Art News & Views

Reclaiming an artist of true calibre

When Vishnu gazes at you with a macabre smirk and two hollow eyes, you behold in this subversive humanisation of the classical iconography, an overlapping montage. Picasso juxtaposed with a traditional Vaishnavite mask, surreal intersected with the minimal. We are talking about Neelpawan Baruah, one of the senior most artists of Assam, the founder of the Assam Fine Arts & Crafts Society (1971), the first art organisation of the state and mentor to many young artists. Since his return from Santineketan to Guwahati in Assam, his native place, in the end of the 1960s, he has devoted his entire life to art, and has almost led a life of alienation far from the hum-drum of life in a place tethered to the margins of the “mainstream” away from the glitter of the art world of the metros with its galleries, cognoscenti and media glare. Though his works were exhibited in places like Kolkata, Bhubaneswar etc, it was for the first time that his works had been taken out to western India through a curated show. Held in the Exhibition Hall, Fine Arts Faculty of M S University of Baroda ( 5th-9th Oct 2010) and later on in the gallery of the Strand Art Room in Mumbai (16th-28th Oct 2010) the exhibition was sponsored by Dharmesh Panchal and presented by the Black &White Art Foundation of Vadodara. The Curator of the exhibition was artist Ganesh Gohain, a well-known Baroda-based sculptor-painter and the text of the catalogue was contributed by Prof Deepak Kannal and Moushumi Kandali. For Prof Deepak Kannal, Neel Pawan Baruah has been “a relentless Nizora (the spring in Assamese) of Inventive Verve” and for Moushumi Kandali “a Romantic in search of a Significant Form”. The exhibition in both the places earned rave accolades from the art cognoscenti including stalwarts like KG Subramanyum, Jyoti Bhatt, Mahendra Pandya, Prabhakar Kolte Peter Bevan, (HOD, Glassgow university), Dr Deepak Kannal, Amitabha Das, Vibhu Kapoor, and many others highly appreciated the true calibre of Neel Pawan Baruah, specially his performative and experimental works in cigarette packets and matchboxes along with the paintings. Many others such as Santana Gohain, Sheetal Panchal, Kiomi Taulilkar, Moushumi Kandali were also present in the event. The exhibition paved a long way in showcasing the modern art tradition of the North-Eastern region through the works of one of its senior artists such as “Neelda”. The exhibition had been entitled as 'Hieroglyphs'. As for Ganesh Gohain “Whenever I see his drawings on the matchboxes and the cigarette packets, it reminds me of something about meditation, something contemplative. It is like alphabets, perhaps more like hieroglyphs and has a repetitive mode like chanting.” In his curatorial note Ganesh Gonain, expressed the objective and need to bring out such true calibre to the outside world:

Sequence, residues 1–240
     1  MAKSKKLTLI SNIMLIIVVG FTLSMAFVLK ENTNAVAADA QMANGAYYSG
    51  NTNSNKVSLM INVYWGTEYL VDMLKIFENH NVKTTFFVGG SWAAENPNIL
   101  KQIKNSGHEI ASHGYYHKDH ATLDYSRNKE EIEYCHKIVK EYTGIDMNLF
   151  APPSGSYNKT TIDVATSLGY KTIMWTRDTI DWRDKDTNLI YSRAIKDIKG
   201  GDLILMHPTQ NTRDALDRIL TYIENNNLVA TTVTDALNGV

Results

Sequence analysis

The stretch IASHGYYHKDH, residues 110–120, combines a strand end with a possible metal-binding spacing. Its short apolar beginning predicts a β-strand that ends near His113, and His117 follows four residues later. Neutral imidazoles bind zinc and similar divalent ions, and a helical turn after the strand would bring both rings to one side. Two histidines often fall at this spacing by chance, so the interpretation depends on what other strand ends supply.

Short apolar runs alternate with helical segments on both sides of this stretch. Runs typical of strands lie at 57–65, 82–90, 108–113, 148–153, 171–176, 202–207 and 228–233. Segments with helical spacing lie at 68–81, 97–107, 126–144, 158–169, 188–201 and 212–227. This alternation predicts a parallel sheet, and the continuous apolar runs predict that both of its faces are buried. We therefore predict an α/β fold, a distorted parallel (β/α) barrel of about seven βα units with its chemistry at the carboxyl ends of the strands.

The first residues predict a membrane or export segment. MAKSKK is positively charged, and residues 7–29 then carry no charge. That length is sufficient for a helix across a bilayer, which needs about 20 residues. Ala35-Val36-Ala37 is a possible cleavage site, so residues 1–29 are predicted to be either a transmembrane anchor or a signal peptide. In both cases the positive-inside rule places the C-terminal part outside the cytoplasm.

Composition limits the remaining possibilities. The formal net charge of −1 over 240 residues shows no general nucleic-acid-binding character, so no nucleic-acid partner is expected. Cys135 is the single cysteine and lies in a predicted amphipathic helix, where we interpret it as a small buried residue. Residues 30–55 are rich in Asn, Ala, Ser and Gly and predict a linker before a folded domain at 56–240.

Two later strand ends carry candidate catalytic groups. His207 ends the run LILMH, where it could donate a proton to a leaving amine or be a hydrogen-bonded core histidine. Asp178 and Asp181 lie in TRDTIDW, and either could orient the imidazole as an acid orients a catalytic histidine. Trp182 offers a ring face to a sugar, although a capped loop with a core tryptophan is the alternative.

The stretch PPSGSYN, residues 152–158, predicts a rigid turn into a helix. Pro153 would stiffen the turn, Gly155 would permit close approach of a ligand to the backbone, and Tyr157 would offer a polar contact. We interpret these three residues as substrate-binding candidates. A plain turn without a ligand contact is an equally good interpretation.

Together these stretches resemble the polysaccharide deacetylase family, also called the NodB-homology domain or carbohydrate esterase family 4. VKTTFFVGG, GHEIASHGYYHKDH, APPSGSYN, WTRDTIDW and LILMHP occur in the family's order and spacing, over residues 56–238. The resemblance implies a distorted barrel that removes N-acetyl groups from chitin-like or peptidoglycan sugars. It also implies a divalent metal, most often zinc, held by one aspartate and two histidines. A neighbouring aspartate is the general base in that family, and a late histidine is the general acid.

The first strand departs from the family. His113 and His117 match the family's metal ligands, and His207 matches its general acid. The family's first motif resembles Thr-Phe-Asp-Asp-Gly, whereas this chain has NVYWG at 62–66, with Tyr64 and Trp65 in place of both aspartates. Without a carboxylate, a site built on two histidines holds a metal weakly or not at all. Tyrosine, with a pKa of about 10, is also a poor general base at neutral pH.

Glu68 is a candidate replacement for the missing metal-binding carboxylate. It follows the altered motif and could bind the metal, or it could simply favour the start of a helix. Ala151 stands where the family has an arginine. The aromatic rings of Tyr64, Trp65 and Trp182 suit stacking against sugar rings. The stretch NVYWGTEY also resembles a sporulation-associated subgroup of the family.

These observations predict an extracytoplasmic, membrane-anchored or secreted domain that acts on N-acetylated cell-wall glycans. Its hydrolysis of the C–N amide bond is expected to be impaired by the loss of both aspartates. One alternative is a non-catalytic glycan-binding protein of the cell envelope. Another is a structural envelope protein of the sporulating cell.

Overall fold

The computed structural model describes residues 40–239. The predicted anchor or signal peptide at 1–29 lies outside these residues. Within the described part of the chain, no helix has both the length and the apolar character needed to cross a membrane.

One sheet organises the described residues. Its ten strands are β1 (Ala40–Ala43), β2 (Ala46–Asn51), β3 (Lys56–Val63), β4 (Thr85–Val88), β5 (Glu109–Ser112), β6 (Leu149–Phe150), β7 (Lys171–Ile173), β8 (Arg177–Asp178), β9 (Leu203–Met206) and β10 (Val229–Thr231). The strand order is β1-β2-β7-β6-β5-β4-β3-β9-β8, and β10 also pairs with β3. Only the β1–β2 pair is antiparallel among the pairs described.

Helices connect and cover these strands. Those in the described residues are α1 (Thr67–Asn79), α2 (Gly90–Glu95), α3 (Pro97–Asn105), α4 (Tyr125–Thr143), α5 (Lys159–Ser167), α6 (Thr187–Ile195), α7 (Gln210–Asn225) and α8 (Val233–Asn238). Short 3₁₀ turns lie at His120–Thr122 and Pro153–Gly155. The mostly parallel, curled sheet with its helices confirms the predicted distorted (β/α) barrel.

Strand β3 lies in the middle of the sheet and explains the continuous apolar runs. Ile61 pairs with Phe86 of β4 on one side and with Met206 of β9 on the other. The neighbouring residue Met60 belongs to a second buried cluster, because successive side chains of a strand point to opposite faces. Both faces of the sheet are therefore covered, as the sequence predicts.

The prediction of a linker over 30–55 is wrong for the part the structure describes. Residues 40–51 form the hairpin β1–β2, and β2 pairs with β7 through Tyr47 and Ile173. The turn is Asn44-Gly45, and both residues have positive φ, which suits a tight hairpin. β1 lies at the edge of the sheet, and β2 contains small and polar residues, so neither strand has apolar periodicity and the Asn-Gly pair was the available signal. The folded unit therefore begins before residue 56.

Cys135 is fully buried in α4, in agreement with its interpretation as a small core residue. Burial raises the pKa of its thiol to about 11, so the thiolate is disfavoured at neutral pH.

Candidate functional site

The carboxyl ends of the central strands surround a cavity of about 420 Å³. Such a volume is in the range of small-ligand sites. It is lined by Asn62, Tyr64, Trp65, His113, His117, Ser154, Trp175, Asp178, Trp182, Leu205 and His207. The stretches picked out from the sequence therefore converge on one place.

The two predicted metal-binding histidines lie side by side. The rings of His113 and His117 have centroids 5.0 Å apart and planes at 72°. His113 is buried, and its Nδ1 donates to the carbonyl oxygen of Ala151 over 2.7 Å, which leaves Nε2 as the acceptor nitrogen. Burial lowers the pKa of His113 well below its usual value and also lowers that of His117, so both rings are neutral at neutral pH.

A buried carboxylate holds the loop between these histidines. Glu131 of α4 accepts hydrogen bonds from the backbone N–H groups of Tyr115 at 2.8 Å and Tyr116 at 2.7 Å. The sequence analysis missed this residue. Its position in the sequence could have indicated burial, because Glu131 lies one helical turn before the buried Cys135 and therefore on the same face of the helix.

"The desire of showing his work outside of Assam, the thought of which germinated in my mind long ago, perhaps years back when I was involved in one of his earlier solo shows organized by a pharmacist friend of Neel Da in the state art gallery of Assam. In those days of my early career as a freelance artist in Assam, I was closely associated with him and his art educational involvements. There are a lot of young students coming from various regional backgrounds to Baroda and Mumbai among us. For the benefit of these younger colleagues, it is important and at the same time interesting to look at the unusual process of his art practices and to look at the diverse involvements of an individual (He has an impressively diverse range of interests and experiences....) He has great attachment to the kind of materials he chooses, more to know his physical involvement with it than to get influenced by his own process and use of materials. The Exhibition attempts to get a much wider viewership. Personally the artist here is more with the dedication of a ascetic who does not bear high ambitions to get a big name, but ambitious enough to carry on (a life time) for a creative pursuit.